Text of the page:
Thursday, December 17, 2015
These are all things I paid actual money for, so they're at least somewhat recommended -- though, except for one, I haven't read any of them yet.
Batman: The Jiro Kuwata Batmanga Vol. 2 collects another cluster of odd Batman stories from and for the Japanese market in the late '60s, inspired almost equally by the TV show, Dick Sprang, and Osamu Tezuka. I reviewed both the first collection and the very quirky look-at-these-weird-pages-of-comics book that Chip Kidd designed and edited a few years before that. (As you might expect, I preferred the one that presented someone else's work cleanly to the one that used someone else's work as a thing to point and gawk at.)
Satellite Sam, Vol. 3 seems to be the finale of this story by Matt Fraction and Howard Chaykin, which shows that I wasn't paying attention. (I thought it was planned to be ongoing; it certainly seemed to have enough plot threads for that.) See my review of the first volume for more details.
Descender, Vol. 1: Tin Stars reprints the beginning of a newish SF comics series by Jeff Lemire and Dustin Nguyen. I've liked Lemire's indy stuff for a while, and this looks like it's trying to split the difference between that and his Big Two work -- not entirely depressive, drawn by someone else, but not in the superhero mode either.
Aama, Vol. 1: The Smell of Warm Dust is a book I bought because of trust in the publisher (the small British house Self Made Hero, which hasn't steered me wring yet), because I read good things about it somewhere I can't now remember, and because of interest in the creator, Frederik Peeters. (Peeters drew a very distinctive book called Sandcastle from someone else's script, and wrote & drew a more conventional but good book called Blue Pills as well.) This is some manner of SF, as well, and I'm interested in how comics use SF stuff.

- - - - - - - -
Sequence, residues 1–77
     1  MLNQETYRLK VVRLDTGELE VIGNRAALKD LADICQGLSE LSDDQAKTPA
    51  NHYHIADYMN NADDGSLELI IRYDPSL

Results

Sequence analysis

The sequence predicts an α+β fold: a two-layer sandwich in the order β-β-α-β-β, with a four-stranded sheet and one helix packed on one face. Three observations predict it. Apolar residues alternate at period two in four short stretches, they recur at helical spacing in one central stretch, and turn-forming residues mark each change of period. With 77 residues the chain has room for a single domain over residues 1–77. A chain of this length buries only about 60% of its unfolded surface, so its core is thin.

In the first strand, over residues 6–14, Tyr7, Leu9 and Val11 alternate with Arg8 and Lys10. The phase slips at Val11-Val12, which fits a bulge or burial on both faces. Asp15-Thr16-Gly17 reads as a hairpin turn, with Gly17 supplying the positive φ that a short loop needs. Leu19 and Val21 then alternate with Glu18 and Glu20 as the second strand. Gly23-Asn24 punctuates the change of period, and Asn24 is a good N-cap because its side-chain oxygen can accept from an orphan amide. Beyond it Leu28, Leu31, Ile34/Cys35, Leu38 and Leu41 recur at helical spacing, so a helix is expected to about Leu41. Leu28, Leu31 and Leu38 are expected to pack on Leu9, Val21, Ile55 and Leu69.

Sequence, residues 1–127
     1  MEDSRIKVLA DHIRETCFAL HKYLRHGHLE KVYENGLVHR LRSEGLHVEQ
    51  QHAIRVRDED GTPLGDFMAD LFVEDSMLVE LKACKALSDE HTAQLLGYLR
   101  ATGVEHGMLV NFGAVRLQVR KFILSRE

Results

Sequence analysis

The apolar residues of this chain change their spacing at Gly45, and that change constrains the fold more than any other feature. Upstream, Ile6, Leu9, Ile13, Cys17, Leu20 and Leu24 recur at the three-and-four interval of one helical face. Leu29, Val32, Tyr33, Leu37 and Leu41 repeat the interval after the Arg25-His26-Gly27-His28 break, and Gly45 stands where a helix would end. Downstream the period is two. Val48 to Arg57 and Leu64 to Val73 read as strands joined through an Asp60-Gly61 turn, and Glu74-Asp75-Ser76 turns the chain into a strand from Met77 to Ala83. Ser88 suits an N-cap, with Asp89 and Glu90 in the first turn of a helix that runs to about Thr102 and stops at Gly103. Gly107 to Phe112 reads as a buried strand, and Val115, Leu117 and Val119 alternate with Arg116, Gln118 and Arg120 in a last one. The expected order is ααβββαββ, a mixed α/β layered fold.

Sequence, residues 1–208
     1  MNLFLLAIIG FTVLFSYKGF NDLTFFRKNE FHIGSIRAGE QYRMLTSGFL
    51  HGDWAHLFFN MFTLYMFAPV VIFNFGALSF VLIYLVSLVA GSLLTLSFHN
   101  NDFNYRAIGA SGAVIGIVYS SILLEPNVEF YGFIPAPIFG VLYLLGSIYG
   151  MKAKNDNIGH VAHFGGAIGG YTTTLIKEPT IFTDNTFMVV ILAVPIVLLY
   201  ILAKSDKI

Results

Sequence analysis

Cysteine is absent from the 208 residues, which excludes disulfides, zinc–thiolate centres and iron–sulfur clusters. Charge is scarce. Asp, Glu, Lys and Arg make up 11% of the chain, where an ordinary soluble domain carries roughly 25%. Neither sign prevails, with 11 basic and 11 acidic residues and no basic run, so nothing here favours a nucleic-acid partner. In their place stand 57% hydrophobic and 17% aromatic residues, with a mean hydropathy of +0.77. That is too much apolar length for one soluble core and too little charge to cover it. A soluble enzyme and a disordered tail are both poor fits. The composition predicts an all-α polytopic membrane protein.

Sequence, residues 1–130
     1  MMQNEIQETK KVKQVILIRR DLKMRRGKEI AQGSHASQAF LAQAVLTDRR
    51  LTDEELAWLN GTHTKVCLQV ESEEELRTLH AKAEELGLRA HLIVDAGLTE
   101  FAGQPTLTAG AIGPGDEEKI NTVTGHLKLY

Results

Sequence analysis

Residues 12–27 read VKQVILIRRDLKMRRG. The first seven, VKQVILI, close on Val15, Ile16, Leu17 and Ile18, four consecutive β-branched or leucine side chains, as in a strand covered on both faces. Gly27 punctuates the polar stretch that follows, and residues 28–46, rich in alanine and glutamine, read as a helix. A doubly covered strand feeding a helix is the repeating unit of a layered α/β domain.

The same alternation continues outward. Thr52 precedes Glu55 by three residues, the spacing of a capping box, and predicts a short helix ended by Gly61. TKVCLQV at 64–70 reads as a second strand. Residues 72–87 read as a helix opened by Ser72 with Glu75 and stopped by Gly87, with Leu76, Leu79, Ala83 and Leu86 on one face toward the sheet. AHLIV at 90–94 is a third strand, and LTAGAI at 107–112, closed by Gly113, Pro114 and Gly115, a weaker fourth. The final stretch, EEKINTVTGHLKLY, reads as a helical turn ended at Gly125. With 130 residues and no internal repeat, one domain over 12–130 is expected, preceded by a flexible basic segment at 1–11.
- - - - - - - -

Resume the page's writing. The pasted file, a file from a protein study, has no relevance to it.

Monsieur Jean : From Bachelor to Father is a big omnibus of the series of French albums by Dupuy and Berberian, which I suspect contains some/all/most of the material collected in the previous book Get a Life and might even have something from the (I think later) book The Singles Theory. Jean is a French novelist of around thirty, and he's a semi-autobiographical stand-in for the authors...well, more or less, since they are two of them, and they're cartoonists rather than novelists.
2 Sisters is a big graphic novel by Matt Kindt and was something of a warm-up for his masterpiece Super Spy. I reviewed it here five years ago when I read it, but I lost that copy in the flood -- now I have a new one.
Bad Machinery, Vol. 4: The Case of the Lonely One collects the fourth major plotline of the webcomic that John Allison seems to be still doing, even though he said around a year ago that it was ending. (I'm not complaining, mind you -- I love Bad Machinery.) See my earlier reviews of volumes one, two, and three, or just go a read the darn thing online (link is to the first page of that comic; Allison has a lot of stuff on his site). John Allison is a national treasure -- am I allowed to say that, since he's British and thus technically not a treasure of my nation? -- and everyone should read him.
And last is Oyster War, a big graphic novel by Ben Towle that was originally serialized on GoComics.com but is now available as an actual book. Ben was one of my fellow Eisner judges, so I feel like I've been through a war with him and want to support him. Besides, I really liked reading Oyster War when it was serialized, and I always like reading things better when they're collection. So I thoroughly expect this to be awesome.